Hobby Lobby today agreed to forfeit thousands (yes, thousands) of cuneiform tablets and clay seals (bullae), along with 144 cylinder seals and $3 million dollars to the United States Government in a civil suit. The artifacts most likely were looted from Iraq and smuggled into the US as “tile samples” via the UAE. Removing artifacts from archaelogical sites removes them from their historical context and makes them largely unusable for understanding the past. The money from their sales often goes to organizations like ISIS.
According to the complaint and stipulated statement of facts filed with the court, in or around 2009, Hobby Lobby began to assemble a collection of historically significant manuscripts, antiquities and other cultural materials. In connection with this effort, Hobby Lobby’s president and a consultant traveled to the UAE in July 2010 to inspect a large number of cuneiform tablets and other antiquities being offered for sale (the “Artifacts”). Cuneiform is an ancient system of writing on clay tablets that was used in ancient Mesopotamia thousands of years ago.
In October 2010, an expert on cultural property law retained by Hobby Lobby warned the company that the acquisition of cultural property likely from Iraq, including cuneiform tablets and cylinder seals, carries a risk that such objects may have been looted from archaeological sites in Iraq. The expert also advised Hobby Lobby to review its collection of antiquities for any objects of Iraqi origin and to verify that their country of origin was properly declared at the time of importation into the United States. The expert warned Hobby Lobby that an improper declaration of country of origin for cultural property could lead to seizure and forfeiture of the artifacts by CBP.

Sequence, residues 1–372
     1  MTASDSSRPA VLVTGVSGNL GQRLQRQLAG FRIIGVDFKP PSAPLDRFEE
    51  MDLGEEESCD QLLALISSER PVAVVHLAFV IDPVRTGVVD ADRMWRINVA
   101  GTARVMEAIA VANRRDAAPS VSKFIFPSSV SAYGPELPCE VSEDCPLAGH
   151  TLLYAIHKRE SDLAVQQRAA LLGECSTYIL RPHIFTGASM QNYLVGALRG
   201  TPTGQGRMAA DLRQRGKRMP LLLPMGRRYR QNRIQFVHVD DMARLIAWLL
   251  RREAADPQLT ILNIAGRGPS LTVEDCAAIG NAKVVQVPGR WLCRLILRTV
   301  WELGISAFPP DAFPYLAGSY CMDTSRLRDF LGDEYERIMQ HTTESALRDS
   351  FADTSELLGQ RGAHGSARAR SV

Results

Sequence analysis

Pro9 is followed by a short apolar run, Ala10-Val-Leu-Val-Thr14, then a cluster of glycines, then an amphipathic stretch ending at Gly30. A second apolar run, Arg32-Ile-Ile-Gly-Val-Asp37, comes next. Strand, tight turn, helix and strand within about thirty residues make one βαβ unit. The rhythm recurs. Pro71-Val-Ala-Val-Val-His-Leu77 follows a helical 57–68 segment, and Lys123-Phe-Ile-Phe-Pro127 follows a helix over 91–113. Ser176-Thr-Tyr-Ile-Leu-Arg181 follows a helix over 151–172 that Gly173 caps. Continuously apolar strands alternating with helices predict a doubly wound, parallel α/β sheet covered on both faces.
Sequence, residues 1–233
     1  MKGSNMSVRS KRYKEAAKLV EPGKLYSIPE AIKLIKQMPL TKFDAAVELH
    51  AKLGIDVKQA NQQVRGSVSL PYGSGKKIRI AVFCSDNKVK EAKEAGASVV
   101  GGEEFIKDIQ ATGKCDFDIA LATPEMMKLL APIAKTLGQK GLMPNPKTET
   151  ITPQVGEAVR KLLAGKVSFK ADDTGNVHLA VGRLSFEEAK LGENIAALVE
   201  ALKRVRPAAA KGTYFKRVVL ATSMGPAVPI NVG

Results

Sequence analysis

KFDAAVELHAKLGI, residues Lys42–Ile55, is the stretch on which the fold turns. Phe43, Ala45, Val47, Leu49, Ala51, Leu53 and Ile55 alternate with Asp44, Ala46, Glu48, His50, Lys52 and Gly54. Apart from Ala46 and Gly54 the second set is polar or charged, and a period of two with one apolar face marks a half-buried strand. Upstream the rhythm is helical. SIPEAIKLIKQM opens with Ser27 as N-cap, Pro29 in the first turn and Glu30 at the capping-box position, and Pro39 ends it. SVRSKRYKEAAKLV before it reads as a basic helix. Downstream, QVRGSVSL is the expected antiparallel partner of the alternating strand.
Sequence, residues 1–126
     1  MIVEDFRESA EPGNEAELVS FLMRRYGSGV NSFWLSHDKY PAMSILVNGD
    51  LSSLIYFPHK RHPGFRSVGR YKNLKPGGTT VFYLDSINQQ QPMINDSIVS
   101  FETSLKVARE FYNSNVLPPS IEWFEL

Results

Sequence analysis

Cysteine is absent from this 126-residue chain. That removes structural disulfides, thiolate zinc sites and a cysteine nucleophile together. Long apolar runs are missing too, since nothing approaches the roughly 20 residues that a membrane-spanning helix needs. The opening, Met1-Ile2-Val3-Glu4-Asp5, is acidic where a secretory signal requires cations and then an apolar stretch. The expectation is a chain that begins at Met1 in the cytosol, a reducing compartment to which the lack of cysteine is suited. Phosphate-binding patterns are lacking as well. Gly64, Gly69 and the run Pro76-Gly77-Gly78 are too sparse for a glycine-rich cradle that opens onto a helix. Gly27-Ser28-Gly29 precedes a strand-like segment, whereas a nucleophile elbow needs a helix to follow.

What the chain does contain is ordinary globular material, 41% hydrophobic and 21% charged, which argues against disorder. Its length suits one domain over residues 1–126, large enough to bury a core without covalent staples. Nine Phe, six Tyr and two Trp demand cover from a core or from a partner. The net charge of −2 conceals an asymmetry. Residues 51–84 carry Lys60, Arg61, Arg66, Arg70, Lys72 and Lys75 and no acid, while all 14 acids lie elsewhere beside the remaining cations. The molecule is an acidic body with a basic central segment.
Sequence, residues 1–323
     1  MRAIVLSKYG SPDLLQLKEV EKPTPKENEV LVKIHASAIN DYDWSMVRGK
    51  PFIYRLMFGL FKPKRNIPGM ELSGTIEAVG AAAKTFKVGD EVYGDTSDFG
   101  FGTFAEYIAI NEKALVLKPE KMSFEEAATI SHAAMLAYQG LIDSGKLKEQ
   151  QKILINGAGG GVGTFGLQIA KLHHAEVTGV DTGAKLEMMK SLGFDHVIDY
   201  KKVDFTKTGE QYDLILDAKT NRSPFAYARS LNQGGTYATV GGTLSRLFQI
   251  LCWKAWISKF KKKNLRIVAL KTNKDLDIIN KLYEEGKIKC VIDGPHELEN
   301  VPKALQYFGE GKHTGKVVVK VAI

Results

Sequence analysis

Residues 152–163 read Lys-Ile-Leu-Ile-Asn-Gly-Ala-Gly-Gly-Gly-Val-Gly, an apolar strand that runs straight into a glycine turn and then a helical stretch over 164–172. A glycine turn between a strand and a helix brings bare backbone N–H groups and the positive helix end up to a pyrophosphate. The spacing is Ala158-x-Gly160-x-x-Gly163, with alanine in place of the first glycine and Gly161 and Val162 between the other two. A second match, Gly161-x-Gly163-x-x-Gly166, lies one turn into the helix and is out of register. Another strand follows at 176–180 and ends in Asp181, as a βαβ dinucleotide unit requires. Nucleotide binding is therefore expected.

Notwithstanding these warnings, in December 2010, Hobby Lobby executed an agreement to purchase over 5,500 Artifacts, comprised of cuneiform tablets and bricks, clay bullae and cylinder seals, for $1.6 million. The acquisition of the Artifacts was fraught with red flags. For example, Hobby Lobby received conflicting information where the Artifacts had been stored prior to the inspection in the UAE. Further, when the Artifacts were presented for inspection to Hobby Lobby’s president and consultant in July 2010, they were displayed informally. In addition, Hobby Lobby representatives had not met or communicated with the dealer who purportedly owned the Artifacts, nor did they pay him for the Artifacts. Rather, following instructions from another dealer, Hobby Lobby wired payment for the Artifacts to seven personal bank accounts held in the names of other individuals.
Hobby Lobby’s religion is so strong, though, that they can’t pay for insurance that would allow women to have contraceptives.